If Business Lesson Number One is to make the sale as easy as possible for your customers, a toll-free number helps you do just that. Customers can ring you up whether they're calling from a pay phone or from out of state without having to dig around for change or worry about their long-distance bills.
If you want to get an 800 number today, though, expect slim pickings--you're down to about 2,000 numbers to choose from. To help the situation, the dwindling supply of toll-free numbers was restocked in 1996 with the introduction of the 888 prefix.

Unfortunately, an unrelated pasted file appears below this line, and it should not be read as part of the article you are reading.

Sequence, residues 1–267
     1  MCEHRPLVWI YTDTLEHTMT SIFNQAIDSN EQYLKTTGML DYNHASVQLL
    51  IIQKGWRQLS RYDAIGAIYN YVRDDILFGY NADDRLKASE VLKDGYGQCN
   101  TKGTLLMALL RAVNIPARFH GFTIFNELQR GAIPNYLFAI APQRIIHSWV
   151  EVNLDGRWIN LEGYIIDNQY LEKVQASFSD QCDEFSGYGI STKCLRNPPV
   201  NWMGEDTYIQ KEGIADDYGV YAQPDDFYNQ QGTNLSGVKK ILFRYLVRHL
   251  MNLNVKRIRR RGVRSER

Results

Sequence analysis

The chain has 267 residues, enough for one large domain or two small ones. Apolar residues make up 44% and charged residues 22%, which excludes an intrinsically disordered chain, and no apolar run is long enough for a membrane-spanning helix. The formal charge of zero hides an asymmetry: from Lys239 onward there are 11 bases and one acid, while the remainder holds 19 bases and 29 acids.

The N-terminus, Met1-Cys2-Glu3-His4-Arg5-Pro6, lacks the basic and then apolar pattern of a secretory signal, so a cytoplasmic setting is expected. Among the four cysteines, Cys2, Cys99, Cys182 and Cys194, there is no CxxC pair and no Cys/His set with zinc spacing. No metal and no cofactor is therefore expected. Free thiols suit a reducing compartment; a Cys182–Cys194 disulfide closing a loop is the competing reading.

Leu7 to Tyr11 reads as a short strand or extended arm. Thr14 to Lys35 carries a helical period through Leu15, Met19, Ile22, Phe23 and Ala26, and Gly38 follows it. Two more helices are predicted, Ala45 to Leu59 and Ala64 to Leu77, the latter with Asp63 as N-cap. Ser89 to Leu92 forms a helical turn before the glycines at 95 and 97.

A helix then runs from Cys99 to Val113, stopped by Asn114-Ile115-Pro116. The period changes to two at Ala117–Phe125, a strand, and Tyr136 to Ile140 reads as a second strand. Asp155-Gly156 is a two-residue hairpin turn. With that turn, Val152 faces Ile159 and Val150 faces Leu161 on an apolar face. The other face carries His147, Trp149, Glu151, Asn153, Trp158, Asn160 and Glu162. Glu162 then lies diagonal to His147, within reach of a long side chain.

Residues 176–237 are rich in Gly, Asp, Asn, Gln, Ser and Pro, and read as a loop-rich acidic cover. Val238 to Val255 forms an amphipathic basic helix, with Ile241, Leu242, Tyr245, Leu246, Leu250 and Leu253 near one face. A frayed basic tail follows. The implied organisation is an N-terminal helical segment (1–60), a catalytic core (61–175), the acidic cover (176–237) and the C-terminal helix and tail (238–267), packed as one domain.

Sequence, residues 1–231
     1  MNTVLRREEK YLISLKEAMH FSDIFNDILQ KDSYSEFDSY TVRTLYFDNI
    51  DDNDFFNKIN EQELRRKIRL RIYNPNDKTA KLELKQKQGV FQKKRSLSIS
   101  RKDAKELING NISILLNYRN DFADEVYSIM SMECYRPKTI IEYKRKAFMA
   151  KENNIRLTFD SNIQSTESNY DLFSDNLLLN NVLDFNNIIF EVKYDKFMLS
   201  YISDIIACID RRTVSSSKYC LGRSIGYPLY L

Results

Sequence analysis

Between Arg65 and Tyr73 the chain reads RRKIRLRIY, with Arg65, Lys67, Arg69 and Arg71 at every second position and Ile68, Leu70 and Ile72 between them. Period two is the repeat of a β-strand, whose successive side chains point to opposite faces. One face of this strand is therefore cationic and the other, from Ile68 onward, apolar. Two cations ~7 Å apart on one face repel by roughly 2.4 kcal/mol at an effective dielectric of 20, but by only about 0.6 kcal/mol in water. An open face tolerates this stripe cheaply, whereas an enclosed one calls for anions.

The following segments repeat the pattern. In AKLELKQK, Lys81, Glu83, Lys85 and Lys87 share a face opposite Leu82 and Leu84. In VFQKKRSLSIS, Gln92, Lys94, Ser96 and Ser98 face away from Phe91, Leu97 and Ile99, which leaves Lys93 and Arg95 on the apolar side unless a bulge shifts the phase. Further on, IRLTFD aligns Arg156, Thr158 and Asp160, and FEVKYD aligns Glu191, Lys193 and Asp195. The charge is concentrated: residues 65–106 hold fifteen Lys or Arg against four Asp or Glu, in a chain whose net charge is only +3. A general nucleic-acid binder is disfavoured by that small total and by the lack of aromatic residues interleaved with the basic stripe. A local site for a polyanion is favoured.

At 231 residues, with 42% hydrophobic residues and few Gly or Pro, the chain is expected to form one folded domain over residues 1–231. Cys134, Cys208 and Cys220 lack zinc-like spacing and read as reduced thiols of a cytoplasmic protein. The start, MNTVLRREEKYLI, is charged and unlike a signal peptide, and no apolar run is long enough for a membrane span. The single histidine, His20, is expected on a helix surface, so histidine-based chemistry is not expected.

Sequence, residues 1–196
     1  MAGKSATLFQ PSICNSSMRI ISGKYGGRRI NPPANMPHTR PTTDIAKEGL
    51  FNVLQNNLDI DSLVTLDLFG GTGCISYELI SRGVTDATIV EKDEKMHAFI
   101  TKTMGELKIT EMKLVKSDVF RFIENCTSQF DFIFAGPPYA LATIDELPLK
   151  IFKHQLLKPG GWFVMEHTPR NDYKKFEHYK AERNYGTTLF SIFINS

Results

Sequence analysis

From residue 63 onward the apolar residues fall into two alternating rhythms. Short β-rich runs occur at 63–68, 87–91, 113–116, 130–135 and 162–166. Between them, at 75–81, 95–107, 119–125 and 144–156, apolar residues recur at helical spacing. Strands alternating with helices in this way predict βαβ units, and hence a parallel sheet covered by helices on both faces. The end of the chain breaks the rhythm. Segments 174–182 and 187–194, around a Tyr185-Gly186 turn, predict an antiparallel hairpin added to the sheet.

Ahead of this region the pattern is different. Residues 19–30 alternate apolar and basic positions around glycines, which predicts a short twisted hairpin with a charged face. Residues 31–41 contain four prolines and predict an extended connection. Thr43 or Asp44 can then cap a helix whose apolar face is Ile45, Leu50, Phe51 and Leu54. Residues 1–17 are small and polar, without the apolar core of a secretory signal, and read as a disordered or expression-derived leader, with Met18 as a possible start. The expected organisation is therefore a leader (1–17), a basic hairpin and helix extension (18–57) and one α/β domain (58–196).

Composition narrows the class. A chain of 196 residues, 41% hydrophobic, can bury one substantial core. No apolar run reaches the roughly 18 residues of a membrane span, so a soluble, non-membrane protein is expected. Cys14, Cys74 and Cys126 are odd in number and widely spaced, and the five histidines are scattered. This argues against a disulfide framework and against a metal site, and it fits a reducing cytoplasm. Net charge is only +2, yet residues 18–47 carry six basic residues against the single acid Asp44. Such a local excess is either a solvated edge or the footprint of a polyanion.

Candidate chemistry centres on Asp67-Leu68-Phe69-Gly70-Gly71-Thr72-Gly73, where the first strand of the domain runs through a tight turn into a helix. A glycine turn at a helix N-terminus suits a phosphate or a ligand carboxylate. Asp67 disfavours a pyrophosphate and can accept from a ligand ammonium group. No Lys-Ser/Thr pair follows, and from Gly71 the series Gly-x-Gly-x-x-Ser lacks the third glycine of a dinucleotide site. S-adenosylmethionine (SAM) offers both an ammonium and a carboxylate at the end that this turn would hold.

But two years later, the initial 8 million available numbers has dropped to, at last count, less than 2 million. To keep up with demand, the always mindful Federal Communications Commission (FCC) has slated an 877 toll-free prefix for release sometime this spring.
Mie-Yun Lee is editor of the bimonthly Business Consumer Guide and BuyersZone (http://www.buyerszone.com), an Internet buying service. She is also co-author of The Essential Business Buyer's Guide (Sourcebooks Inc.).